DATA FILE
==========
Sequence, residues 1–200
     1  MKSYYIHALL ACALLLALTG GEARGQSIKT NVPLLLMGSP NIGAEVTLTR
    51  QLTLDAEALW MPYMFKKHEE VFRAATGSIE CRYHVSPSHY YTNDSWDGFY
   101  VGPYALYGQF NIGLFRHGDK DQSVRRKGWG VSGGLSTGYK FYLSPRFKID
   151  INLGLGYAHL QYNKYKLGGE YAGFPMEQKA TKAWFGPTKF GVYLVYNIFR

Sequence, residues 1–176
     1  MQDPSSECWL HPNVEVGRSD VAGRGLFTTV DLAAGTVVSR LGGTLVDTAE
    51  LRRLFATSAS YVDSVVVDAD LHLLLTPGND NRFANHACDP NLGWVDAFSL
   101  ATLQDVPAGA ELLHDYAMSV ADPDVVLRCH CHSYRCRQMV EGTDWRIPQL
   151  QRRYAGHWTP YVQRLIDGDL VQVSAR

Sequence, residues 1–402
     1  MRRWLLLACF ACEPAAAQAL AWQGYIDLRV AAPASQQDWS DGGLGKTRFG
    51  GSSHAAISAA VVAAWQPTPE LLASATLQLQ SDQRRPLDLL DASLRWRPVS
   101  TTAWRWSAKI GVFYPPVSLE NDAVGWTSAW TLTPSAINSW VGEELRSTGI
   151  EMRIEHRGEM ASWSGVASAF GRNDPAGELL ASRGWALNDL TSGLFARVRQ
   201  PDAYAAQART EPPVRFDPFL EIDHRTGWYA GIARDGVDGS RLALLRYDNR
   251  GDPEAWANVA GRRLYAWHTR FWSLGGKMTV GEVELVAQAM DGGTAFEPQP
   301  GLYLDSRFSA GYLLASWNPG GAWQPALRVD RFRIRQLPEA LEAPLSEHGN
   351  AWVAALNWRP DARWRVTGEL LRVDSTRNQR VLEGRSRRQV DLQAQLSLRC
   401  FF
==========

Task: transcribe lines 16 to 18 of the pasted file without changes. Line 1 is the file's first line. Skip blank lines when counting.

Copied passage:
   201  PDAYAAQART EPPVRFDPFL EIDHRTGWYA GIARDGVDGS RLALLRYDNR
   251  GDPEAWANVA GRRLYAWHTR FWSLGGKMTV GEVELVAQAM DGGTAFEPQP
   301  GLYLDSRFSA GYLLASWNPG GAWQPALRVD RFRIRQLPEA LEAPLSEHGN